W3C home > Mailing lists > Public > www-html@w3.org > January 2003

RE: HTML or XHTML - why do you use it?

From: Ian Hickson <ian@hixie.ch>
Date: Thu, 9 Jan 2003 14:26:14 +0000 (GMT)
To: "Peter Foti (PeterF)" <PeterF@SystolicNetworks.com>
Cc: "'www-html@w3.org'" <www-html@w3.org>
Message-ID: <Pine.LNX.4.21.0301091336550.24442-100000@dhalsim.dreamhost.com>

On Wed, 8 Jan 2003, Peter Foti (PeterF) wrote:
> > 
> > So when a document containing the above has its MIME type changed from
> > text/html to application/xhtml+xml, it'll break.
> Once again, this revolves around users switching from text/html to
> application/xhtml+xml.

Yes, my entire argument revolves around this.

> Yes, you are correct, this will cause problems.  Of course, if those
> pages are truly meant to be viewed as HTML then changing the mime type
> would technically be the wrong thing to do. :)

XHTML is XHTML -- if it is correct, then it should work the same whether
it has an XML MIME type or an HTML one.

XHTML that only works when treated as HTML is not XHTML, it's Tag Soup. A
rather sophistcated form of Tag Soup, I'll grant you, but still Tag Soup.

> > I think everyone should use XHTML. But ONLY if they use the
> > application/xhtml+xml MIME type.
> And if the page served as application/xhtml+xml contains HTML elements,

I presume you mean XHTML elements.

> should the browser treat it as tag soup?

No, that would violate the XML specification at a rather fundamental

> For example, if I send an XHTML document that contains elements like
> <h1>,<p>,<strong>, etc., do I need to define CSS styles for each of
> those objects, or will agents use their default HTML styles?

Any XHTML-aware UA will support those elements as XHTML elements and
therefore have a default XHTML UA stylesheet.

Try it with Mozilla or Opera 7, for example.

> > > > Why not just use HTML?
> > > 
> > > Because I want the benefits of using XML tools and validators.
> > > Not to mention the experience of writing valid XML.
> > 
> > What about the benefits of SGML tools and validators, not to
> > mention the experience of writing valid SGML?
> Well, considering that XML is the hot new technology, I see more
> benefit of using XML than some other SGML language (my opinion).

This opinion is the single biggest problem facing the XML world today.
It is the bandwagon I referred to earlier.

The XML used in XHTML is a subset of SGML. In fact, it is a limiting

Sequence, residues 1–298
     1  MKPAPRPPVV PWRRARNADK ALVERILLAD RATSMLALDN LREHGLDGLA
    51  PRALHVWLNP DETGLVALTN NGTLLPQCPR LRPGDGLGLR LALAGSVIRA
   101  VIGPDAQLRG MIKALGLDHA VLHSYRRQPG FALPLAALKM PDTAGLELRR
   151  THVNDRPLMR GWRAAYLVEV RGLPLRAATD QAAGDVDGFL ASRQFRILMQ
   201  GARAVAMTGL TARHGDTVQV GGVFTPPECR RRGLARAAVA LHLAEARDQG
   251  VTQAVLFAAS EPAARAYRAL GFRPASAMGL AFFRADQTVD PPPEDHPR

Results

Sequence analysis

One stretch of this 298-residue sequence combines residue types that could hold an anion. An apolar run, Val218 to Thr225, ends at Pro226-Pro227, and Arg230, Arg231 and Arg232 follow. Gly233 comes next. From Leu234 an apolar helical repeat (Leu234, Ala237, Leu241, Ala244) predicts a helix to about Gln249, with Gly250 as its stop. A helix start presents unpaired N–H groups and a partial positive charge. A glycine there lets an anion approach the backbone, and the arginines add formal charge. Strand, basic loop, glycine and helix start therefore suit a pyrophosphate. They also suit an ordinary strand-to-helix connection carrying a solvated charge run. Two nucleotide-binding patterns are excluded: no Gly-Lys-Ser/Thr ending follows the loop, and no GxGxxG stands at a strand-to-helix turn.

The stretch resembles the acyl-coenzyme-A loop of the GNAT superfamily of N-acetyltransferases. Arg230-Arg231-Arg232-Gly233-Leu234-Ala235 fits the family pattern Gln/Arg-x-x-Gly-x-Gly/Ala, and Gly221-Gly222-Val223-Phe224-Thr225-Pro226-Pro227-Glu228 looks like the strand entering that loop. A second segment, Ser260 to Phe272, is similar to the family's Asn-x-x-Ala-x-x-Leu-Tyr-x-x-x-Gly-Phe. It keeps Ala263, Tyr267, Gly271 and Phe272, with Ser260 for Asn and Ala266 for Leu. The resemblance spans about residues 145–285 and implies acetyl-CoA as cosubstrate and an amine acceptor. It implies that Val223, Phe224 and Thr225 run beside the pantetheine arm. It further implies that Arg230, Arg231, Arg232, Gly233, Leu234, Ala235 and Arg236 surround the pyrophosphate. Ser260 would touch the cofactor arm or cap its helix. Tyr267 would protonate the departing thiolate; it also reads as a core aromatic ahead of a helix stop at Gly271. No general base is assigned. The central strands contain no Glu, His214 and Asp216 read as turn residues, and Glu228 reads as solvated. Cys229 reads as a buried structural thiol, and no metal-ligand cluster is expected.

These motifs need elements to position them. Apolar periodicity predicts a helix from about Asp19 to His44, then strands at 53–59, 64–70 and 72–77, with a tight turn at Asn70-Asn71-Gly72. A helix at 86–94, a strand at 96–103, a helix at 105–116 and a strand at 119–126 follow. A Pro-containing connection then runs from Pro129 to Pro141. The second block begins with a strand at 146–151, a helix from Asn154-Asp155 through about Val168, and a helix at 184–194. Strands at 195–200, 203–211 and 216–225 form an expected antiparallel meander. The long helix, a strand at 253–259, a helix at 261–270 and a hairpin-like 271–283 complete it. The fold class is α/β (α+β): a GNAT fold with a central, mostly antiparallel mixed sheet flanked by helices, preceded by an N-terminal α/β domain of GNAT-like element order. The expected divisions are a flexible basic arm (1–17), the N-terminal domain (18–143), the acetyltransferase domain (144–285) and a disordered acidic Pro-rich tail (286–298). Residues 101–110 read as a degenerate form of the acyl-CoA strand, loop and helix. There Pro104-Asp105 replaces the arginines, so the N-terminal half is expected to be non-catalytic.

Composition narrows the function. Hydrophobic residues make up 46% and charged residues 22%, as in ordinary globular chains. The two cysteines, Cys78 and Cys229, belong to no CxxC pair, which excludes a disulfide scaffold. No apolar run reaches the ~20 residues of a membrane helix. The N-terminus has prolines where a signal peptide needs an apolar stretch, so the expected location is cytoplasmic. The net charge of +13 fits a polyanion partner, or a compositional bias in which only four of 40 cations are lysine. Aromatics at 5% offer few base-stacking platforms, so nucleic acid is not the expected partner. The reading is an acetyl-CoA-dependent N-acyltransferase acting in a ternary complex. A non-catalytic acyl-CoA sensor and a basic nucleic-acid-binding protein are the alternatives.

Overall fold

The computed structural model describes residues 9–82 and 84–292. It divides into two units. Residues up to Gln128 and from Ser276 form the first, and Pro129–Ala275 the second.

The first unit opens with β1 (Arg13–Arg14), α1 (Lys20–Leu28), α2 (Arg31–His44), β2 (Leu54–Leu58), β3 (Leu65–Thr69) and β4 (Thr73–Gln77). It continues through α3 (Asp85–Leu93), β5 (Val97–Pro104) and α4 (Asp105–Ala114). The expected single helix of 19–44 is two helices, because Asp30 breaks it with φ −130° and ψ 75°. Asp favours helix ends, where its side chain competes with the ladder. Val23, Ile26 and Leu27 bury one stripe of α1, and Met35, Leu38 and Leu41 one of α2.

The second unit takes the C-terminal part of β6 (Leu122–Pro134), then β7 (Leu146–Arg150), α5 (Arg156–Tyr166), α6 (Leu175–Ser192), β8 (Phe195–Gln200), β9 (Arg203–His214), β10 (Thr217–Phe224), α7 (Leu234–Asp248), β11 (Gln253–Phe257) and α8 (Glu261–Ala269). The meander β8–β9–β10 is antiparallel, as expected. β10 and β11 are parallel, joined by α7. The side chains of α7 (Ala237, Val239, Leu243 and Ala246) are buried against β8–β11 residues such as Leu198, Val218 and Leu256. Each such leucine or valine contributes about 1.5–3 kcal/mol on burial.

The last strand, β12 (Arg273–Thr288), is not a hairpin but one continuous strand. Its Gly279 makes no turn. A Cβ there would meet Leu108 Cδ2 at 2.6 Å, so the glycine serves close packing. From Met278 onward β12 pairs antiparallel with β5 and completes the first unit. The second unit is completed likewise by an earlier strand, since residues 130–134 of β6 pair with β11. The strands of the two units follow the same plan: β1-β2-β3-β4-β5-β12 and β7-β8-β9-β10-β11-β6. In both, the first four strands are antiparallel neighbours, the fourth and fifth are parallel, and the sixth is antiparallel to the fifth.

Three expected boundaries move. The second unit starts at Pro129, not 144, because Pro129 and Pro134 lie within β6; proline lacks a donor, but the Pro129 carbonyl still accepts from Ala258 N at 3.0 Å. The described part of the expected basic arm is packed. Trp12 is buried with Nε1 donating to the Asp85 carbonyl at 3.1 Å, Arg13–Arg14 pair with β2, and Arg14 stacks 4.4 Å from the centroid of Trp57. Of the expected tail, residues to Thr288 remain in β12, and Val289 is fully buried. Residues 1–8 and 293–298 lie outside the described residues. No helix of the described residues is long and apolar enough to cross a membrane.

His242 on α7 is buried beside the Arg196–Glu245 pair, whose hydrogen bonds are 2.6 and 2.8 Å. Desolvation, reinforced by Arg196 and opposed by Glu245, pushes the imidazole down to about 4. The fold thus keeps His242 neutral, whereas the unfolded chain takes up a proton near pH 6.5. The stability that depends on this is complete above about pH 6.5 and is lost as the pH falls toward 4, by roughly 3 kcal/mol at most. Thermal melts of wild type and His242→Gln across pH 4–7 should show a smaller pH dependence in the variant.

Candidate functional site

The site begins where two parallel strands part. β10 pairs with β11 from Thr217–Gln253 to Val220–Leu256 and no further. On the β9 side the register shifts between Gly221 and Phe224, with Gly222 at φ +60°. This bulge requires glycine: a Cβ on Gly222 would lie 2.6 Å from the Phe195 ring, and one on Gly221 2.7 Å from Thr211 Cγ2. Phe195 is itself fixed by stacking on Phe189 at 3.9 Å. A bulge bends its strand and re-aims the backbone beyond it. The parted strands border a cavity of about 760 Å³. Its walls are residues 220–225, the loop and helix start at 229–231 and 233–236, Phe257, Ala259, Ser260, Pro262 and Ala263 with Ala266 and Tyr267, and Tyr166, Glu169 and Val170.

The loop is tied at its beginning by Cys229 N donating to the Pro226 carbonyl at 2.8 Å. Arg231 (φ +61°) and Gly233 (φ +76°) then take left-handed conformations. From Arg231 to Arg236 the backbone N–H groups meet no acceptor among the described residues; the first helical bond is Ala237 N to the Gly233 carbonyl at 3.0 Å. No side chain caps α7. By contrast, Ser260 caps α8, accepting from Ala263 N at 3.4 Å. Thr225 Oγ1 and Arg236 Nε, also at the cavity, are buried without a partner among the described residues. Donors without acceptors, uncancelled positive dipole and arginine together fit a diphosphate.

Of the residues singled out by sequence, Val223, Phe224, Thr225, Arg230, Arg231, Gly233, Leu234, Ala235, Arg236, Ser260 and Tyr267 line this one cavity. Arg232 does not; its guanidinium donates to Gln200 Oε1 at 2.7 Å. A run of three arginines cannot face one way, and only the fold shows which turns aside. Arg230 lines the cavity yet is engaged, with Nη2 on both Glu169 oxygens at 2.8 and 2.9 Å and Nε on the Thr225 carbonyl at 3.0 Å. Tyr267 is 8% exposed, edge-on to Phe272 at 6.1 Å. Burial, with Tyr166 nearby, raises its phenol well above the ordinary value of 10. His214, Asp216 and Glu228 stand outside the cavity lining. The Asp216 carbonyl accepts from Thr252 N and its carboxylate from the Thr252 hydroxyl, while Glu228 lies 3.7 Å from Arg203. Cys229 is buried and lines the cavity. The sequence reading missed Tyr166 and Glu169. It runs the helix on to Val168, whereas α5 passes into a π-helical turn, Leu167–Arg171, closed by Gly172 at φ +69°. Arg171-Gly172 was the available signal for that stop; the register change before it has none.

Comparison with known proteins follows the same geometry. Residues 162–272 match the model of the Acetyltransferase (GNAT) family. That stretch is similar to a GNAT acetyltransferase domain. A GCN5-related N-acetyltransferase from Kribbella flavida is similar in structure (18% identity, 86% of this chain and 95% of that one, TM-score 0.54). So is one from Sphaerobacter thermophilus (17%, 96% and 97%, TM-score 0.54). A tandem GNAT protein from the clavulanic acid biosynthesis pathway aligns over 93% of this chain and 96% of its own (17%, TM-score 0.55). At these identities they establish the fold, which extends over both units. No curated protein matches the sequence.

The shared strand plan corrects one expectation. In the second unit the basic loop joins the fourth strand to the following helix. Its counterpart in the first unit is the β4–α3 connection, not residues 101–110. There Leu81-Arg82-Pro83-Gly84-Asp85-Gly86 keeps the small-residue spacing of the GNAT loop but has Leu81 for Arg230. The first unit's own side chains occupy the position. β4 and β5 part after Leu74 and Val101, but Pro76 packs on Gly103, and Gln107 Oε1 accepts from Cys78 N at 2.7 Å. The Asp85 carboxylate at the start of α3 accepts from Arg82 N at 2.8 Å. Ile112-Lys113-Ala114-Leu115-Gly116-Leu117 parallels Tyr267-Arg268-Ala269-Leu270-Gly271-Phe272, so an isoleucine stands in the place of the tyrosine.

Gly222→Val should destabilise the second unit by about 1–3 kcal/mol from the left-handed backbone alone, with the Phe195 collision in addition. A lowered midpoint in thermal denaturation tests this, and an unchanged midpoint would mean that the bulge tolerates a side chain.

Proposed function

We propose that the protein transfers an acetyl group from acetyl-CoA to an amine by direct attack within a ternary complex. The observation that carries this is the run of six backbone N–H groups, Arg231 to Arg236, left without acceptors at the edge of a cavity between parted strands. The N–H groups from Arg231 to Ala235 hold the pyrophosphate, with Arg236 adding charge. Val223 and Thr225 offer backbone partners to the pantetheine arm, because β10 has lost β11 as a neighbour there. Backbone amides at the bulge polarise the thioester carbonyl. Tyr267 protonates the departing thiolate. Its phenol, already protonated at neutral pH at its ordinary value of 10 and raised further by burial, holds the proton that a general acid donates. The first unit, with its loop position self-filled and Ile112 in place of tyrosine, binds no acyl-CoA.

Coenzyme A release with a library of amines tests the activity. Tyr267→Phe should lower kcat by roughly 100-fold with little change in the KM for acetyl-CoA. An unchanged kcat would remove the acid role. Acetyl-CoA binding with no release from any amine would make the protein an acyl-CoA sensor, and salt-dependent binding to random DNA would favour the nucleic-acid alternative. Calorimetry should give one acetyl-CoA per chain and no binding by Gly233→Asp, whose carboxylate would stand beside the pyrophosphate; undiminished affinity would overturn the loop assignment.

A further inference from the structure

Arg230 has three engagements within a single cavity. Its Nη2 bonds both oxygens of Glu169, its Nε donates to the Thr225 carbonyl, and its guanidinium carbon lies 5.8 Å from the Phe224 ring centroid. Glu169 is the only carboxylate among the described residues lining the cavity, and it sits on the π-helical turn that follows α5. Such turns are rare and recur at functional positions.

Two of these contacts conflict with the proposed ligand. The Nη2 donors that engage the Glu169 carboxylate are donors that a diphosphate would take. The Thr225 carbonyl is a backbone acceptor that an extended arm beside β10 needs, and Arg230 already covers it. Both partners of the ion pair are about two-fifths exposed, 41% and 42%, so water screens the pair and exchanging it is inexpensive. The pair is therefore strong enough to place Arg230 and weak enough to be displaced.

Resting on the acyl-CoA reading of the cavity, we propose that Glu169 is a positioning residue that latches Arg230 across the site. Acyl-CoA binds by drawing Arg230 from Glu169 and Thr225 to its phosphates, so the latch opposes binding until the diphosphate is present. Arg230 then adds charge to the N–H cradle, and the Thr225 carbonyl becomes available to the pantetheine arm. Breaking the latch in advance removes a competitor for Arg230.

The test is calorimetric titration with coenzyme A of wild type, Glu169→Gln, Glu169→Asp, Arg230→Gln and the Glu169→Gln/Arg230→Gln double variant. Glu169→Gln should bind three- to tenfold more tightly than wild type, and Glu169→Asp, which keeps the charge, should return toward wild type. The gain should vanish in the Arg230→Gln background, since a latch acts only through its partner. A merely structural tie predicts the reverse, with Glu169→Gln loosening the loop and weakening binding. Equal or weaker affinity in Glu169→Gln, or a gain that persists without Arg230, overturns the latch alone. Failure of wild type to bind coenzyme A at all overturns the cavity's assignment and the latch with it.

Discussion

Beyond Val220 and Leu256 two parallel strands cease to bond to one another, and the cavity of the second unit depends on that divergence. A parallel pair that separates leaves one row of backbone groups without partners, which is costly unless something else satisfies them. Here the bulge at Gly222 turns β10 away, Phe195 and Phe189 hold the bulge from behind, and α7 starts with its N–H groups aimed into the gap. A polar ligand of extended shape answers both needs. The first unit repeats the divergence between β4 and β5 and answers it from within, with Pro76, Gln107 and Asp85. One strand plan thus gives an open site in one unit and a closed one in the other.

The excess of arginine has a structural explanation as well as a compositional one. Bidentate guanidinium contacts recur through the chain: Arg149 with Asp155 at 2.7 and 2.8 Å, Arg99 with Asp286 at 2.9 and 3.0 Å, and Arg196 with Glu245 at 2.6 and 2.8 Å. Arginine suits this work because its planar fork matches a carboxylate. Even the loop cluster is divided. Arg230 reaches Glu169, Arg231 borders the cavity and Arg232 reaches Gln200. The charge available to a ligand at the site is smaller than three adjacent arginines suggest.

subset, for example there is no way in XML to say that links may not
be nested, something which _is_ possible in SGML.

> > I agree, on the long run, XHTML-as-XML is better. On the short run,
> > though, we're simply not there. (Largely because of the IEs.)
> I agree.

So don't use XHTML. :-)

> > No such thing as sloppy SGML code. It's either valid or it isn't.
> By sloppy, I mean that this:
> <sgmlcode><foo>Hello <bar>World</bar></foo></sgmlcode>
> is easier to work with and read than something like this:
> <sgmlcode><foo>Hello <bar>bar

This is only valid if the DTD says it is valid, which in the case of
HTML is limited to a few very commonly used elements like <p> and

> <sgmlcode><foo>Hello <bar>bar</foo></bar></sgmlcode>

This is invalid SGML.

> <sgmlcode /<foo /Hello <bar /World///
> (Did I get that last one right?  :-)  


> The strictness or XML provides a better structure to the documents
> *as far as readability is concerned*.

Nothing is stopping authors from writing readable code.

> > > I guess my argument is that developers should be trained to use
> > > XHTML *correctly*, and your argument seems to be that not enough
> > > people use XHTML correctly so therefore those people should not
> > > use it at all.
> > 
> > Who are you proposing do this training?
> The same people who are currently teaching HTML (the Educational
> system). Currently, a lot of schools will teach HTML instead of
> XHTML. They should update their focus.

The HTML Education System teaches Tag Soup, they don't teach valid
HTML. There's not a chance in hell that they'll start teaching well
formed -- let alone valid! -- XHTML before IE requires it.

> Ok, then how about this:
> <p> My lousy paragraph <br> stinks!
> Should that be interpretted as:
> <p> My lousy paragraph </p><br> stinks!
> or as:
> <p> My lousy paragraph <br> stinks!</p>

The last one.

> Where in the spec is this ambiguity made clear?

The DTD. BR elements are allowed inside P elements.

> > > > Basically, my argument is that if you know what you're doing,
> > > > then sure, go ahead, but that most people don't, and that for
> > > > them it would be a lot easier if they used HTML 4.01 now and
> > > > thus were never tempted to convert these documents to an XML
> > > > MIME type.
> > > 
> > > You don't think it would be better for those people to simply
> > > learn XHTML?
> > 
> > Get real, who is going to teach them?
> The same people who teach them the wrong way to do things. The
> Education system (schools, colleges, etc.).

I never learned HTML at my school or college. In fact the only person
who taught HTML during the entire time I was at my school was me, and
I only had three students, none of which were particularly receptive
to my pleas for valid markup. (The only page left of the entire
school's site is completely invalid and written in Front Page.)

I also agree with everything Boris Zbarbsky wrote.

Ian Hickson                                      )\._.,--....,'``.    fL
"meow"                                          /,   _.. \   _\  ;`._ ,.
http://index.hixie.ch/                         `._.-(,_..'--(,_..'`-.;.'
Received on Thursday, 9 January 2003 09:26:18 UTC

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